This Hindu Vaishnava dynasty is different from an earlier Buddhist Deva dynasty (c. 8th-9th century) of Samatata, whose capital was Devaparvata. Four rulers of this dynasty are known from the inscriptions: Shantideva, Viradeva, Anandadeva and Bhavadeva.
The major sources of the history of this dynasty are the three copperplate inscriptions of Damodaradeva issued in the Saka era 1156, 1158 and 1165, which were his 4th, 6th and 13th regnal years. The first three rulers are known from the Chittagong copperplate inscription of Damodaradeva dated Saka era 1165. The first ruler of this dynasty was Purushottamadeva, who rose from the position of a village-chief (gramani). His son Madhumathana or Madhusudanadeva was the first independent ruler of this dynasty, who assumed the title of Nripati. He was succeeded by his son Vasudeva and Vasudeva was succeeded by his son Damodaradeva. Damodaradeva (reigned 1231–1243) was the most powerful ruler of this dynasty. He took the title of Ariraja-Chanura-Madhava-Sakala-Bhupati-Chakravarti. The inscriptional evidences show that his kingdom was extended up to the present-day Comilla-Noakhali-Chittagong region. A later ruler of this dynasty Ariraja-Danuja-MadhavaDasharathadeva extended his kingdom up to Bikrampur and made it his capital. He issued an inscription from here. Yahya bin Ahmad in his Tarikh-i-Mubarak Shahi mentioned that he (referred as Danuj Rai of Sonargaon by Yahya) made an alliance with Ghiyas-ud-Din Balban in 1281.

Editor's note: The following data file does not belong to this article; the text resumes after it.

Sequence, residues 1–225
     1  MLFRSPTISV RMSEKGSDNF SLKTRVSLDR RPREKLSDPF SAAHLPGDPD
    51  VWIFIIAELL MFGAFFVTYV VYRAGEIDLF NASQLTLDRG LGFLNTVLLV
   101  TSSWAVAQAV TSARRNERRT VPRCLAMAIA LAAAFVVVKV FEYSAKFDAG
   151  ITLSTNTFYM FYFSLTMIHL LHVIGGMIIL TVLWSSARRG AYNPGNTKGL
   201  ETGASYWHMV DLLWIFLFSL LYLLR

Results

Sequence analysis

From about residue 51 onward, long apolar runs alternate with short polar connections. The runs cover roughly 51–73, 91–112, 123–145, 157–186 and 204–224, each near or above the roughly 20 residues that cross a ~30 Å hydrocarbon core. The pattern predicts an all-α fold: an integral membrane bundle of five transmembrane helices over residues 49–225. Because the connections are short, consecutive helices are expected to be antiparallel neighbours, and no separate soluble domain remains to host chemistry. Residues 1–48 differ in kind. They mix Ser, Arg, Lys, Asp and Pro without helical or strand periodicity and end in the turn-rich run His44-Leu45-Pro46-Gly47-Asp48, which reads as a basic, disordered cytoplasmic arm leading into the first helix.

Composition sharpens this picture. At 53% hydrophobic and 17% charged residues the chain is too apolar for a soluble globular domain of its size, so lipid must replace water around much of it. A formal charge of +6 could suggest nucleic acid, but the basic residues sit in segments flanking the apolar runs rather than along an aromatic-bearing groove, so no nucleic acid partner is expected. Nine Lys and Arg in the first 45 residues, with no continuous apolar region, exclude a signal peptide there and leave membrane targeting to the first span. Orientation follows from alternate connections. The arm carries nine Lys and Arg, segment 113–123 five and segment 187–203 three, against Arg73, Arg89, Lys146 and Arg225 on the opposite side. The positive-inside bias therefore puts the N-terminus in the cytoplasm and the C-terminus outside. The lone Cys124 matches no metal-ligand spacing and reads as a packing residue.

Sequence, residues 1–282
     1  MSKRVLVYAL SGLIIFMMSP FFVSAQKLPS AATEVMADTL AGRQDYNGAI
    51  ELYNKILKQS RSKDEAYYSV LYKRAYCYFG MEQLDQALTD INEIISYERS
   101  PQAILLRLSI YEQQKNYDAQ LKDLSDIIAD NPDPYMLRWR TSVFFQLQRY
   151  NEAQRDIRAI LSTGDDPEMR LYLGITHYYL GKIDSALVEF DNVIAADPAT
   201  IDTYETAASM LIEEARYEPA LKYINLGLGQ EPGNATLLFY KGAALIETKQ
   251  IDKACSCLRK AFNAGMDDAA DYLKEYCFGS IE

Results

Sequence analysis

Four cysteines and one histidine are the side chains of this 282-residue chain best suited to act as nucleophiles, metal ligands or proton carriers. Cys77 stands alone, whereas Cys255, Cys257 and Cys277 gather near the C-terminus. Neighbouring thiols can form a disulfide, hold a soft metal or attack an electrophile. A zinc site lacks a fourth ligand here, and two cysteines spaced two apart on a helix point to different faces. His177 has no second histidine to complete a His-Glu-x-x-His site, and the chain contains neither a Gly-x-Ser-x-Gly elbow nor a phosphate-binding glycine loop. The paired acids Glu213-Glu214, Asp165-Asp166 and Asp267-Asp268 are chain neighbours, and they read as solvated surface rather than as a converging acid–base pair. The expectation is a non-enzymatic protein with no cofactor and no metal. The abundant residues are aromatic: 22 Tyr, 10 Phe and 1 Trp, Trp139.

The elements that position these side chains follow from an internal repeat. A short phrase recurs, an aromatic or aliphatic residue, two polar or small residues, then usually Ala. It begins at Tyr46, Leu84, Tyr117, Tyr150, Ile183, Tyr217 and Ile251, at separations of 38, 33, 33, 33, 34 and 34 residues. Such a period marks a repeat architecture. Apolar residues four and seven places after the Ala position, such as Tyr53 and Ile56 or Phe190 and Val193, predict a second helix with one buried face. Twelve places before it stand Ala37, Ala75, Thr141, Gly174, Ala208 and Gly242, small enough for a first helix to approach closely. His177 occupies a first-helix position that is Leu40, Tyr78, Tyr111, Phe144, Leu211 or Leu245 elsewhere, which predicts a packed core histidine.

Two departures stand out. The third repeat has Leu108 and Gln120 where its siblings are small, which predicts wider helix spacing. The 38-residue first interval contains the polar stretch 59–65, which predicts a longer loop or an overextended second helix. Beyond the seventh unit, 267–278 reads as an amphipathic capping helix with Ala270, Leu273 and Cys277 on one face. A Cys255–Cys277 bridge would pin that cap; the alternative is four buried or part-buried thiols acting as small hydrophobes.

^Majumdar, Ramesh Chandra; Pusalker, A. D.; Majumdar, A. K., eds. (1960). The History and Culture of the Indian People. VI: The Delhi Sultanate. Bombay: Bharatiya Vidya Bhavan. p. 622. Yahyā, the historian of the fifteenth centry, mentions ... When Ghiyās-ud-din Balban proceeded to Bengal ... he sought to enter into an alliance with the Hindu king of Eastern Bengal, Rāi Danuj.